Unusual uses for engineered E. coli bacteria have been in the news lately, from the practical to the sci-fi weird in fashion. Last year, UK’s Imperial College London biosynthesized the bacteria into renewable propane. And in a spring talk at TED2015, designer Neri Oxan showed off a multi-material 3D-printed wearable embedded with E. coli and other photosynthetic bacteria that fluoresce.
Now Virginia Tech researchers have harnessed E. coli bacteria for its most novel use yet — creating robot brains.
Warren Ruder, an assistant professor of biological systems engineering in the College of Agriculture and Life Sciences and the College of Engineering, has published a paper in Scientific Reports describing his research. The paper's co-author is biomedical engineering doctoral student Keith Heyde, who studies phyto-engineering for biofuel synthesis and collaborated with Ruder in the research. The team used a mathematical model to demonstrate that a bacteria-based living biome can be built on robots and other inanimate devices, and that it can control their behavior. "We found that robots may indeed be able to function with a bacterial brain," he said in a news release from Virginia Tech.
MORE FROM DESIGN NEWS: Slideshow: Feds Study Human Brain; DARPA Wants to Make Robots Autonomous
In the mathematical experiment, the bacteria displayed their genetic circuitry by turning either green or red, depending on what they ate. The theoretical robot in the mathematical model measured the bacteria's color using sensors and a miniature fluorescent microscope. Depending on the color and its intensity, this told the robot where to go and how fast to move. The team coupled and computationally simulated widely accepted equations that describe three distinct elements: E. coli engineered gene circuits, robot movement, and microfluid bioreactors.
Ruder is now building small, mobile robots that can use miniature fluorescent microscopes to read levels of bacterial gene expression in E. coli engineered in his lab. Small bioreactors where the engineered bacteria can live will be placed on mobile robots, where they can direct the robots' behavior. The bacterial systems and the robotic systems will communicate via microfluidics interface technology.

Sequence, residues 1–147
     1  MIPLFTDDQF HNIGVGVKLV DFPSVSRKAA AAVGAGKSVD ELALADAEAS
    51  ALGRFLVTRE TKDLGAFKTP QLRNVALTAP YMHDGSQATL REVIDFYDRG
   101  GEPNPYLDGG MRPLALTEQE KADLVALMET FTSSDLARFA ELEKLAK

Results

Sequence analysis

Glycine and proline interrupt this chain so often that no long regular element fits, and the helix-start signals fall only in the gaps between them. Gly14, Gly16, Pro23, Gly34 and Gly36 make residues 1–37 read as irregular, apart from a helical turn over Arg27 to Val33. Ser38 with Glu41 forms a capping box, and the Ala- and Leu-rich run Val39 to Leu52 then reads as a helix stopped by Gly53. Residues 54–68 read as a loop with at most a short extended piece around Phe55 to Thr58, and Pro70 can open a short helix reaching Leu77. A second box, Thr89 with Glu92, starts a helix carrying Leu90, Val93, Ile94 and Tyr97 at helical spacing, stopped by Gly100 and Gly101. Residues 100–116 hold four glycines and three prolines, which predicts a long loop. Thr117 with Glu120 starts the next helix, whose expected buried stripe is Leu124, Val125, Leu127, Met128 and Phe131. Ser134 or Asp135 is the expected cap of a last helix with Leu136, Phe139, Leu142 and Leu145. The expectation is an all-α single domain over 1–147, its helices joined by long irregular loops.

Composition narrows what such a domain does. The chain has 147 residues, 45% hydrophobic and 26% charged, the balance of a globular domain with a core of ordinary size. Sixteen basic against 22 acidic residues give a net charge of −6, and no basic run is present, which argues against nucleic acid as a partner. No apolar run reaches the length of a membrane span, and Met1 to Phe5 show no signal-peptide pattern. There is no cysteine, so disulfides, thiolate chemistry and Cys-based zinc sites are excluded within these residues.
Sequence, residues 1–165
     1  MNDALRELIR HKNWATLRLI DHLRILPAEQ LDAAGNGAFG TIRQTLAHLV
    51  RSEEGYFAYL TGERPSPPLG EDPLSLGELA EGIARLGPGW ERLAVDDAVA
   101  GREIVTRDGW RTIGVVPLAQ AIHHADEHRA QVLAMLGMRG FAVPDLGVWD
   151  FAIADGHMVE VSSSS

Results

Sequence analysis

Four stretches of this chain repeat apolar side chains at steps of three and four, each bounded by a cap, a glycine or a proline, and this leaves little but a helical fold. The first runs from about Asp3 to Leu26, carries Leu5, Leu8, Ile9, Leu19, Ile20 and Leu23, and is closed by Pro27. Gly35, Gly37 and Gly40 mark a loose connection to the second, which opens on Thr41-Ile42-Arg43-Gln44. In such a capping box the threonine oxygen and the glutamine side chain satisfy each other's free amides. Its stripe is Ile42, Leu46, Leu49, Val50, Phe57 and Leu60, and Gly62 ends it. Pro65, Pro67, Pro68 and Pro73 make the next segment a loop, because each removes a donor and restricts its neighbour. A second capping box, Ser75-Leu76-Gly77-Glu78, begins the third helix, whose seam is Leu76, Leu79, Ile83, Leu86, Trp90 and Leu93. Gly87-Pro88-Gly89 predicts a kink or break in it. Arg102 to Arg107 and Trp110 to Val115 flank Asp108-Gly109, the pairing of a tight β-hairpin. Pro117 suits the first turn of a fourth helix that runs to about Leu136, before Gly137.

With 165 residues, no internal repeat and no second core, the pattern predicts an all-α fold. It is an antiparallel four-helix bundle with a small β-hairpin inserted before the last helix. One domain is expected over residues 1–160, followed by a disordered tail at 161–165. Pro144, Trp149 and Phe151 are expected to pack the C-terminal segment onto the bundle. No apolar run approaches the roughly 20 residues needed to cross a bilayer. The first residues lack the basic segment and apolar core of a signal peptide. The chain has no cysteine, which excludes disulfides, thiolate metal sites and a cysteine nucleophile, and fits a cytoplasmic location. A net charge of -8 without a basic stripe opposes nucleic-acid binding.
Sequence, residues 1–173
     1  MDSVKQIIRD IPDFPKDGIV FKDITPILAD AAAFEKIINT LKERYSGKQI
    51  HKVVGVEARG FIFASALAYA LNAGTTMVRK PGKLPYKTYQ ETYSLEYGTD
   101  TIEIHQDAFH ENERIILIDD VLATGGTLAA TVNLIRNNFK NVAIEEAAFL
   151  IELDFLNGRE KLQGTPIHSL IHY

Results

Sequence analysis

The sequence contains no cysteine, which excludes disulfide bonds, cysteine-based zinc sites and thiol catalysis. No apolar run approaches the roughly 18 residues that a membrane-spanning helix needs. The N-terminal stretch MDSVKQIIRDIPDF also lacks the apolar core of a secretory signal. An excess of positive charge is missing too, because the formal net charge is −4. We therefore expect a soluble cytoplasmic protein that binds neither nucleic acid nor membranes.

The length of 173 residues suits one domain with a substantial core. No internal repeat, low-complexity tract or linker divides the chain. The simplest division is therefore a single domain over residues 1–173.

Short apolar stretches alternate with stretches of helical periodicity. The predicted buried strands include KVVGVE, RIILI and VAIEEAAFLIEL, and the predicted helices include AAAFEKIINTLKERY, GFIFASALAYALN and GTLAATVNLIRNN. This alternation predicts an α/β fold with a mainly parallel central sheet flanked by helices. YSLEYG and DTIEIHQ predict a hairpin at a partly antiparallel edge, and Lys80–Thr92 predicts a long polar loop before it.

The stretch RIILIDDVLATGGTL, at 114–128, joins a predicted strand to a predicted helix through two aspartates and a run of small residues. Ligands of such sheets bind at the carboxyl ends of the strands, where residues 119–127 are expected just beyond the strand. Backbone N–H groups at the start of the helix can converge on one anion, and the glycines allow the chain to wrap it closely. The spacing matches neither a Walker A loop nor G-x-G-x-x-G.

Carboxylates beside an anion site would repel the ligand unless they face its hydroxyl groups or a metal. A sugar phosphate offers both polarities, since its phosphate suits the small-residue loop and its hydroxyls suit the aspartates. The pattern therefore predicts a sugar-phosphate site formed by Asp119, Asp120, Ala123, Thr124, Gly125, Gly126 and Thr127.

MORE FROM DESIGN NEWS: These 15 Robots Will Weird You Out
These bacteria-robot systems could someday help researchers exploring the interactions between soil bacteria and livestock for agriculture, or lead to robots that dispatch bacteria to clean up oil spills. In healthcare, it could help researchers looking at the role of bacteria's role in controlling gut physiology, which could lead to bacteria-based prescriptions for treating physical and mental illnesses. It could also grant a better understanding of how bacteria that live in the human body affect people's health, mood, and even behavior.
Funding came from the Air Force Office of Scientific Research for the mathematical modeling of gene circuitry in E. coli. The Virginia Tech Student Engineers’ Council has provided funding to move these models and resulting mobile robots into the classroom as teaching tools.
Check out the image below to see video and more images from the Virginia Tech project:
Warren Ruder, an assistant professor of biological systems engineering at Virginia Tech, uses a mathematical model to demonstrate that bacteria can control the behavior of inanimate devices like a robot.
(Source: Virginia Tech)
We’re heading to Philly! Design & Manufacturing Philadelphia will take place Oct. 7-8. Get up close with the latest design and manufacturing technologies, meet qualified suppliers for your applications, and expand your network. Learn from experts at educational conferences and specialty events. Register today and join us at Philadelphia’s premier industry showcase!
Ann R. Thryft is senior technology editor, materials & assembly, for Design News. She's been writing about manufacturing- and electronics-related technologies for 27 years, covering manufacturing materials & processes, alternative energy, and robotics. In the past, she's also written about machine vision and all kinds of communications.